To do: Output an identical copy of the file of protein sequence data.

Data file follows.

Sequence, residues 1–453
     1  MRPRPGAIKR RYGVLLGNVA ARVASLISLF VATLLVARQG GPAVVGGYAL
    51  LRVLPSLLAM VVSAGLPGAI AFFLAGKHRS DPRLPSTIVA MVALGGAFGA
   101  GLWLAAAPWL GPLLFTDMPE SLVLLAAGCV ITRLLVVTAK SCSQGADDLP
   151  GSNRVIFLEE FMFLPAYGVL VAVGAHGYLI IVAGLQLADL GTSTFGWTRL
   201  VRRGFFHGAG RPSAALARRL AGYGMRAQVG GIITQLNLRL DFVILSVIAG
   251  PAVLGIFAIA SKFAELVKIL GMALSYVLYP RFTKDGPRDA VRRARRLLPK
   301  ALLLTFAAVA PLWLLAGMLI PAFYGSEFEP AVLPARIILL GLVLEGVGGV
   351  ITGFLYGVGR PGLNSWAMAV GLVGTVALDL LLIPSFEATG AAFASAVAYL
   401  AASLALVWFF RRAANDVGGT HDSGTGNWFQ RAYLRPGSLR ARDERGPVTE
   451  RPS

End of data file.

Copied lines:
Sequence, residues 1–453
     1  MRPRPGAIKR RYGVLLGNVA ARVASLISLF VATLLVARQG GPAVVGGYAL
    51  LRVLPSLLAM VVSAGLPGAI AFFLAGKHRS DPRLPSTIVA MVALGGAFGA
   101  GLWLAAAPWL GPLLFTDMPE SLVLLAAGCV ITRLLVVTAK SCSQGADDLP
   151  GSNRVIFLEE FMFLPAYGVL VAVGAHGYLI IVAGLQLADL GTSTFGWTRL
   201  VRRGFFHGAG RPSAALARRL AGYGMRAQVG GIITQLNLRL DFVILSVIAG
   251  PAVLGIFAIA SKFAELVKIL GMALSYVLYP RFTKDGPRDA VRRARRLLPK
   301  ALLLTFAAVA PLWLLAGMLI PAFYGSEFEP AVLPARIILL GLVLEGVGGV
   351  ITGFLYGVGR PGLNSWAMAV GLVGTVALDL LLIPSFEATG AAFASAVAYL
   401  AASLALVWFF RRAANDVGGT HDSGTGNWFQ RAYLRPGSLR ARDERGPVTE
   451  RPS